A county official who blocked a critic from her Facebook Page violated the First Amendment, the U.S. Court of Appeals for the Fourth Circuit affirmed today, in the first decision by an appellate court addressing the applicability of the First Amendment to social media accounts run by public officials. The Knight First Amendment Institute at Columbia University argued the appeal on behalf of Brian Davison, a Virginia resident who had been temporarily banned from the Facebook Page of the chair of the Loudoun County Board of Supervisors.

“Today’s decision confirms that the First Amendment prohibits government censorship on new communications platforms,” said Katie Fallow, senior staff attorney at the Knight Institute, who argued the case on appeal. “Public officials, who increasingly use social media accounts as public forums to foster speech and debate among their constituents, have no greater license to suppress dissent online than they do offline.” 

Brian Davison filed a First Amendment lawsuit in 2016, after Board of Supervisors Chair Phyllis Randall blocked him for posting comments that criticized members of the county school board. Davison won that lawsuit, with the trial court ruling that Randall had unconstitutionally barred him from her Facebook Page based on viewpoint. Randall appealed to the Fourth Circuit Court of Appeals, which heard oral arguments in the case in September 2018.

In its opinion, the court of appeals affirmed the trial court’s ruling that aspects of Randall’s Facebook Page “bear the hallmarks of a public forum” and that her decision to ban Davison constituted “black-letter viewpoint discrimination.”

This is the first court of appeals ruling on whether the First Amendment applies to government-run social media sites. In May 2018, a federal trial court in New York held in a case brought by the Knight Institute that President Trump’s blocking of critics from his Twitter account violated the First Amendment. The Trump administration has appealed that decision, and the case is currently pending before the U.S. Court of Appeals for the Second Circuit.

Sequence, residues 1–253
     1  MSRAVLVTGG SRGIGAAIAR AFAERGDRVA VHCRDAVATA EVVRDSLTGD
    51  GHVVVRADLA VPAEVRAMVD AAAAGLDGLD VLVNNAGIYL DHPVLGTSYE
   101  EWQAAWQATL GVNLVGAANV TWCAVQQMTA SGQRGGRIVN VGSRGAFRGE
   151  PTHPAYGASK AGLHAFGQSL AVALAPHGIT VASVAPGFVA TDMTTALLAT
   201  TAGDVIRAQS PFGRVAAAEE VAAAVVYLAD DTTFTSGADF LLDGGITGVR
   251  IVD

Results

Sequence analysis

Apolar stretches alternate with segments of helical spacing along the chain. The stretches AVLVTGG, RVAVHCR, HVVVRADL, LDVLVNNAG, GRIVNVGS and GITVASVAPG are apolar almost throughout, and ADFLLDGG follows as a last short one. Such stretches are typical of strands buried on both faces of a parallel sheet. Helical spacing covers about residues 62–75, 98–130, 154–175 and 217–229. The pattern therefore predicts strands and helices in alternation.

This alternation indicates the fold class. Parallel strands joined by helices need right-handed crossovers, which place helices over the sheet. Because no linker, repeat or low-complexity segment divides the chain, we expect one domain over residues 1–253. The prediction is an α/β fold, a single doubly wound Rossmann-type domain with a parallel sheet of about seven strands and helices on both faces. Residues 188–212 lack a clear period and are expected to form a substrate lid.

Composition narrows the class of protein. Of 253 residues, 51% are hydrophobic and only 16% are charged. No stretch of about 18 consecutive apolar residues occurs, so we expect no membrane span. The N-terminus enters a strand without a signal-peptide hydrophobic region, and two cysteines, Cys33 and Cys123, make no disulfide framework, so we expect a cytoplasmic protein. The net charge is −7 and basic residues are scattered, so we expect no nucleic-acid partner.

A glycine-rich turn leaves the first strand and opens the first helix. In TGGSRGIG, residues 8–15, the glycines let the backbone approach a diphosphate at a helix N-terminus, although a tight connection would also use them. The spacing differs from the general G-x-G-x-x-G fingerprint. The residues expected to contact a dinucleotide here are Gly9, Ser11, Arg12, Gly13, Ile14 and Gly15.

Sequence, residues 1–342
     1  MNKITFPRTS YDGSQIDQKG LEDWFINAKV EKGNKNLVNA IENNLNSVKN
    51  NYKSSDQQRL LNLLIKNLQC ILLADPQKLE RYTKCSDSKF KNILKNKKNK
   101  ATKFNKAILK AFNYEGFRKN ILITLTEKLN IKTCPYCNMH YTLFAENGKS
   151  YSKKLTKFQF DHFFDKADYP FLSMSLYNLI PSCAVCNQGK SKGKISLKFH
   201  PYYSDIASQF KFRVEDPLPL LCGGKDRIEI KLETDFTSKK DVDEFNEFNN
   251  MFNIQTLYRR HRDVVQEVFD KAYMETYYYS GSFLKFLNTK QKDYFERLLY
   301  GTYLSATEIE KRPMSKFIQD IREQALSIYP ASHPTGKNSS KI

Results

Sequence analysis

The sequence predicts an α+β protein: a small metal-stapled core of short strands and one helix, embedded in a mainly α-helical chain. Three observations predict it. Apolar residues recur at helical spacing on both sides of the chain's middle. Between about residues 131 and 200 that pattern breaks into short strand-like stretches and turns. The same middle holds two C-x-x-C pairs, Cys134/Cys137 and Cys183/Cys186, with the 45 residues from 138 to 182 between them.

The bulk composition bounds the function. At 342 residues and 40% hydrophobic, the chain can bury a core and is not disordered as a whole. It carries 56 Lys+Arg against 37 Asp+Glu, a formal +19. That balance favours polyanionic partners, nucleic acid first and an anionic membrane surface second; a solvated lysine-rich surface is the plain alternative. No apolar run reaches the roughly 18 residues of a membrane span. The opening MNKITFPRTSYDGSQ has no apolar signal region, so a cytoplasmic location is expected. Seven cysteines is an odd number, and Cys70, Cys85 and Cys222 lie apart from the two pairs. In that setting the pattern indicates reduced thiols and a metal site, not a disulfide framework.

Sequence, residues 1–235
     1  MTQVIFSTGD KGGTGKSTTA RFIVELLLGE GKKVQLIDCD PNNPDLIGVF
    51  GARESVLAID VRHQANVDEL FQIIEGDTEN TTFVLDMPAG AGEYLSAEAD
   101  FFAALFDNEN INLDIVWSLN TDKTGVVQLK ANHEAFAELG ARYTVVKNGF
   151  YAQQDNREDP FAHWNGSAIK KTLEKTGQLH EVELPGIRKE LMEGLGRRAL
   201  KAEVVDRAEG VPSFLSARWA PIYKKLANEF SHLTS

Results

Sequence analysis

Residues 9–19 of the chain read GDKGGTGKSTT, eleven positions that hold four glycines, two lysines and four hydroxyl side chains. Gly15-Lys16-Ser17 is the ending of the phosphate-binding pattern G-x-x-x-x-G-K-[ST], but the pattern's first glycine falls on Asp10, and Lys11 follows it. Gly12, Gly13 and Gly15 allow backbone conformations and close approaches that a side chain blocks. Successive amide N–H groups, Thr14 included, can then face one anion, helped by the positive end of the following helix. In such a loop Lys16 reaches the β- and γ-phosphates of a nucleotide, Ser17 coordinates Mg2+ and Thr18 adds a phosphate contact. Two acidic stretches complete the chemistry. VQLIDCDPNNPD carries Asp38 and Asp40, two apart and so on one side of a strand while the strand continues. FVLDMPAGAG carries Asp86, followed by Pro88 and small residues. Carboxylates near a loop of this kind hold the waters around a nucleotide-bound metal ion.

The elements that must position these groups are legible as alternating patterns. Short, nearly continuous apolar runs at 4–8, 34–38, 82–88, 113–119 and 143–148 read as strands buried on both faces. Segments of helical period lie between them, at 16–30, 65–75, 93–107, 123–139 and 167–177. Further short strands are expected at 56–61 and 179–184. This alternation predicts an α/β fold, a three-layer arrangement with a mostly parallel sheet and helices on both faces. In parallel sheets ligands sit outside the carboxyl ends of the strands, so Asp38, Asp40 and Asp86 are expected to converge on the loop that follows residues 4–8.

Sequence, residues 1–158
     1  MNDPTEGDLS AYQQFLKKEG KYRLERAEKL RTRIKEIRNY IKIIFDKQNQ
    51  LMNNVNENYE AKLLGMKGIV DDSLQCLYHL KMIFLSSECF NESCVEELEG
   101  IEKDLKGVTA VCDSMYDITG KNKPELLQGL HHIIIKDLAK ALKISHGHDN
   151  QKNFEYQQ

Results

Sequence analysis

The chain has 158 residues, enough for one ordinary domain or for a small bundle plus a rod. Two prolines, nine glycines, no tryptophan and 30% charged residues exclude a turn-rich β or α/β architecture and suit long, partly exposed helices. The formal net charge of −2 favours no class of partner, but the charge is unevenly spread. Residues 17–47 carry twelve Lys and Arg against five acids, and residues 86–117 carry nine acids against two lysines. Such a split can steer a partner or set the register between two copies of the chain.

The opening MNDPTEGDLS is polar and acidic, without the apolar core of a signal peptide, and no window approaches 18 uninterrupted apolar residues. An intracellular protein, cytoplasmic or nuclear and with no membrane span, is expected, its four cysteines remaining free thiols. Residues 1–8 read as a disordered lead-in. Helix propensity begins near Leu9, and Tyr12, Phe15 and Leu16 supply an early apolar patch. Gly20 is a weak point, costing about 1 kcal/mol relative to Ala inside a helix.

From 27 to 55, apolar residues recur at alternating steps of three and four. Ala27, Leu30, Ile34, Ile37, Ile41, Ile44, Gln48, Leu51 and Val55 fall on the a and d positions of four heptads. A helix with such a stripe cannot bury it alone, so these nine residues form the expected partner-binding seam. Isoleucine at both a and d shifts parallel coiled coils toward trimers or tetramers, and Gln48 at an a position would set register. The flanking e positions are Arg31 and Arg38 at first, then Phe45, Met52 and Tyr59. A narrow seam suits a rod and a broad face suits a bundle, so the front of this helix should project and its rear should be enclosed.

“The First Amendment forecloses government officials from suppressing speech on the basis of viewpoint,” said Jameel Jaffer, the Knight Institute’s Executive Director. “With so many public officials using social media as a means of communicating with their constituents, the Fourth Circuit’s thoughtful ruling will undoubtedly have broad impact.”

Read the decision here.

For more information, contact the Knight Institute at [email protected].

About the Knight Institute

The Knight First Amendment Institute defends the freedoms of speech and the press in the digital age through strategic litigation, research, and public education. Its aim is to promote a system of free expression that is open and inclusive, that broadens and elevates public discourse, and that fosters creativity, accountability, and effective self-government.